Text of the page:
Cover: The Rise of China vs. the Logic of Strategy, from Harvard University PressCover: The Rise of China vs. the Logic of Strategy in HARDCOVER

The Rise of China vs. the Logic of Strategy

Add to Cart

Product Details

HARDCOVER

$26.95 • £21.95 • €24.50

ISBN 9780674066427

Publication Date: 11/15/2012

Trade

320 pages

5 x 7-1/2 inches

Belknap Press

World

As the rest of the world worries about what a future might look like under Chinese supremacy, Edward N. Luttwak worries about China’s own future prospects. Applying the logic of strategy for which he is well known, Luttwak argues that the most populous nation on Earth—and its second largest economy—may be headed for a fall.

For any country whose rising strength cannot go unnoticed, the universal logic of strategy allows only military or economic growth. But China is pursuing both goals simultaneously. Its military buildup and assertive foreign policy have already stirred up resistance among its neighbors, just three of whom—India, Japan, and Vietnam—together exceed China in population and wealth. Unless China’s leaders check their own ambitions, a host of countries, which are already forming tacit military coalitions, will start to impose economic restrictions as well.

Chinese leaders will find it difficult to choose between pursuing economic prosperity and increasing China’s military strength. Such a change would be hard to explain to public opinion. Moreover, Chinese leaders would have to end their reliance on ancient strategic texts such as Sun Tzu’s Art of War. While these guides might have helped in diplomatic and military conflicts within China itself, their tactics—such as deliberately provoking crises to force negotiations—turned China’s neighbors into foes. To avoid arousing the world’s enmity further, Luttwak advises, Chinese leaders would be wise to pursue a more sustainable course of economic growth combined with increasing military and diplomatic restraint.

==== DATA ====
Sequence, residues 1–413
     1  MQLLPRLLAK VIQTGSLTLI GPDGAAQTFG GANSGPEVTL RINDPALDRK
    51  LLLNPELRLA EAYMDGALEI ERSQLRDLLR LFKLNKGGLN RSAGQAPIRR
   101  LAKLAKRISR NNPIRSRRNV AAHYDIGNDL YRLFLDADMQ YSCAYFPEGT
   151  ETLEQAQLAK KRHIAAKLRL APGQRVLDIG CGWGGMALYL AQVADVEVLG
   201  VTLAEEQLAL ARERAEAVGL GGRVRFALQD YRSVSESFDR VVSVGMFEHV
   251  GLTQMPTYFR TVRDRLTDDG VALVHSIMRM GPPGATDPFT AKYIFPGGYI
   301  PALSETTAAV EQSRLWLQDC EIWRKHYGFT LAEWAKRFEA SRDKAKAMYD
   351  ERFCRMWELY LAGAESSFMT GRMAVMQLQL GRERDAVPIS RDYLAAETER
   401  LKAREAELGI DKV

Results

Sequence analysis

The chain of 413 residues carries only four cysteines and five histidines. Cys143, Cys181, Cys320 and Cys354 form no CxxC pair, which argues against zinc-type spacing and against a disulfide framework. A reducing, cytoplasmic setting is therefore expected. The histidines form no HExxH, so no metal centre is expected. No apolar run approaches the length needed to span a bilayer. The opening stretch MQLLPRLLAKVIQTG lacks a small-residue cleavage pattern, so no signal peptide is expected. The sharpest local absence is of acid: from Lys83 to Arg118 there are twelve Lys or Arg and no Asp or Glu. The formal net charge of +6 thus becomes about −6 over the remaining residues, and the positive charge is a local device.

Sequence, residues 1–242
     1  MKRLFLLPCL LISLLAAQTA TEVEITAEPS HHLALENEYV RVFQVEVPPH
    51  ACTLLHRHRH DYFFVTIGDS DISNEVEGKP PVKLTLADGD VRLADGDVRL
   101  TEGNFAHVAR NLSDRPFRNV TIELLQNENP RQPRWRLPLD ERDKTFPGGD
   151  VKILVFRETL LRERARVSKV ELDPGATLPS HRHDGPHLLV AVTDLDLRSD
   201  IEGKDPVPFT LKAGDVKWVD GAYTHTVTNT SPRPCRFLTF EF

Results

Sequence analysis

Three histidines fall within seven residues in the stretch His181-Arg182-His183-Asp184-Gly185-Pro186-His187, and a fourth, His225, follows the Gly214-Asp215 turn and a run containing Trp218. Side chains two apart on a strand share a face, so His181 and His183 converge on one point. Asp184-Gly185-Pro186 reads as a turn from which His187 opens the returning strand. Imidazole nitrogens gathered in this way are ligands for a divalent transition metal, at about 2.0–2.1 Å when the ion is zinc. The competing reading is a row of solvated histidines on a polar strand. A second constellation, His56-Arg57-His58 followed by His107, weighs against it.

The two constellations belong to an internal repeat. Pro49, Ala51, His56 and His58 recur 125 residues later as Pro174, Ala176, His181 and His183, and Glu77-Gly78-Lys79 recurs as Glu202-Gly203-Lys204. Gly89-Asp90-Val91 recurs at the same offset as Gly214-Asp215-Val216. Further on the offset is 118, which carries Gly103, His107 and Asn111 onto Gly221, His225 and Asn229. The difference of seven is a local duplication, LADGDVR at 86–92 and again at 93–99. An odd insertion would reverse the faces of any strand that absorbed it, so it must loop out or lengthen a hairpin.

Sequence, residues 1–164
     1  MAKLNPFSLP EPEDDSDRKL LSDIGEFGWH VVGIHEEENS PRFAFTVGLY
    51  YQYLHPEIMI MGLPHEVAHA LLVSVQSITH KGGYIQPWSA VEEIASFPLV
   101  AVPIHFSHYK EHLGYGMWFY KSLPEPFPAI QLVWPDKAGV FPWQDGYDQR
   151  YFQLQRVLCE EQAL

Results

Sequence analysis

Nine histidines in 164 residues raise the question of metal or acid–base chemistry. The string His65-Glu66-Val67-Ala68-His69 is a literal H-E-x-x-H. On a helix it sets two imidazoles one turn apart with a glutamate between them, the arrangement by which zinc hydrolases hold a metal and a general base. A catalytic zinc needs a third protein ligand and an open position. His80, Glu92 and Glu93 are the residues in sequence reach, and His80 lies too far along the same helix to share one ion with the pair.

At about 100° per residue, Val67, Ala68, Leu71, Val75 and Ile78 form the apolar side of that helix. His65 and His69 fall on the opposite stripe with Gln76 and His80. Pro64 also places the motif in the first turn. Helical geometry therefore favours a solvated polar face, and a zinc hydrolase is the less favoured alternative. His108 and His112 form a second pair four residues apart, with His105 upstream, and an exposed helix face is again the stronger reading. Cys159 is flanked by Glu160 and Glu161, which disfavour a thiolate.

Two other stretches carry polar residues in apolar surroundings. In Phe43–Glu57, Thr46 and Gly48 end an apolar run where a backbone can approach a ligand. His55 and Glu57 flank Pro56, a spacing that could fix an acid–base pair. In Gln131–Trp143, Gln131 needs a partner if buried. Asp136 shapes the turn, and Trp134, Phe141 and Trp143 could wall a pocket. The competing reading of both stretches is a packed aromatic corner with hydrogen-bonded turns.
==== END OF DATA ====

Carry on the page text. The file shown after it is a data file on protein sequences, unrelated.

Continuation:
Recent News

From Our Blog

Jacket, Author Unknown: The Power of Anonymity in Ancient Rome, by Tom Geue, from Harvard University Press

Who Needs an Author?

In his new book Author Unknown: The Power of Anonymity in Ancient Rome, classicist Tom Geue asks us to work with anonymity rather than against it and to appreciate the continuing power of anonymity in our own time. Here, he discusses the history—and strength—of anonymous works of literature. Back in the roaring ’20s, I. A. Richar

‘manifold glories of classical Greek and Latin’

The digital Loeb Classical Library (loebclassics.com) extends the founding mission of James Loeb with an interconnected, fully searchable, perpetually growing virtual library of all that is important in Greek and Latin literature.